Ideahaus creative services designed a model in pre-production to minimize how much time we’d need on-site for each award – just under an hour. A cameraman, director and a sound man would provide a professional level of production, and support for our inexperienced on-camera talent. A checklist of shots would keep things moving quickly, and our crew on schedule.
A simple graphics package would help the presentation and provide additional information while adding a sense of production to each video. Underneath it all, an upbeat music bed could add an audio signature.
Nancy was getting excited about the idea, but the investment was adding up to be more than a luncheon – how could this make sense? How could we create enough ROI to proceed?
Ideahaus Communications Planning started looking at the assets from the investment: 16 3-minute videos demonstrating Alliance’s Executive and Program Directors interacting with our grantees in the community. Shooting in HD, each video would provide 4,320 high-resolution digital still frames to choose from, so we’d have pictures, too.
With the active AHF social media platform Ideahaus had developed, we discussed the audiences who would view and, hopefully, share our content – the basics of social marketing. Grantees, applicants, project managers, grant writers, service coordinators, government, media and people in the community. Each audience was represented in the fans, followers and subscribers to one or more Alliance social media profile.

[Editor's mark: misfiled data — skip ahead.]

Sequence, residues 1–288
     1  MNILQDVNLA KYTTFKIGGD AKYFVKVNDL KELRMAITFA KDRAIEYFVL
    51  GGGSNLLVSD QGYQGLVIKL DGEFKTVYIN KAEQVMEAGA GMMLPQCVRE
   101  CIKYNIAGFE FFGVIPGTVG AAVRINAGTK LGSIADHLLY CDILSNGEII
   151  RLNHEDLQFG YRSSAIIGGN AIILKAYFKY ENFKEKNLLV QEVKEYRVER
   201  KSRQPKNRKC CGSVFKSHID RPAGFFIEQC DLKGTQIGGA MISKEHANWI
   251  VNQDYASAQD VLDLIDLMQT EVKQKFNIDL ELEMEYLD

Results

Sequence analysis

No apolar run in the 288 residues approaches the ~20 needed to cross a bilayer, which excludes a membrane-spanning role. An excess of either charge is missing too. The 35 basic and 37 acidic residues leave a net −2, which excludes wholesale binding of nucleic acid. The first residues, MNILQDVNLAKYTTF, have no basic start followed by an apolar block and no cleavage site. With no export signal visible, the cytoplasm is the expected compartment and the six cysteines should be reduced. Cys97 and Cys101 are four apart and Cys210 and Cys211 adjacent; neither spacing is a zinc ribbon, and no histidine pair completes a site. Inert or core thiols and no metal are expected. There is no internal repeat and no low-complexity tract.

One video would be posted each business day providing 16 days of unique content on the AHF editorial calendar. Shooting in HD, each 3:00 video provided 4,320 high-resolution digital still frames to choose from to create project-named photo albums for each awarded organization. Behind–the-scenes photos would provide additional insights into the hard work and commitment from Alliance to be in the community.
With each video, the Alliance social media platform was leveraged to share its photos and links to the organization’s social media. Additional posts included link to their web sites and their grantee profiles on the AHF site cumulatively providing thousands of impressions to the local community.
Leading by example, Alliance would share the content with each organization, providing new content for their growing social media efforts and examples of how to best present it to their audiences. The on-boarding process would also include “liking”, “following” and subscribing to AHF social media to provide ongoing examples of how to use social media.
A press release to local media would be the final piece in Ideahaus’ “secret sauce.” With so much traffic on the Alliance web site and social media, and the scheduled engagement from our 16 new grantees the media would arrive in the midst of it all.
Using PRWeb, the press release titled, “Alliance Healthcare Foundation Uses Social Media to Announce 2012 Mission Support Grant Awards,” targeted San Diego media. The release received 31,632 impressions over 26 days resulting in 683 total reads.
The Facebook fans were now 400, and its social media reach grew each day nearing 100,000 Facebook impressions in just one week! The YouTube videos have received hundreds of views, and are being viewed on smartphones and tablets as much as on the web site. The LinkedIn company page has received 13 recommendations for its Mission Support Grants, messaging which will be important in encouraging applicants for next year’s process.
Category: Client Stories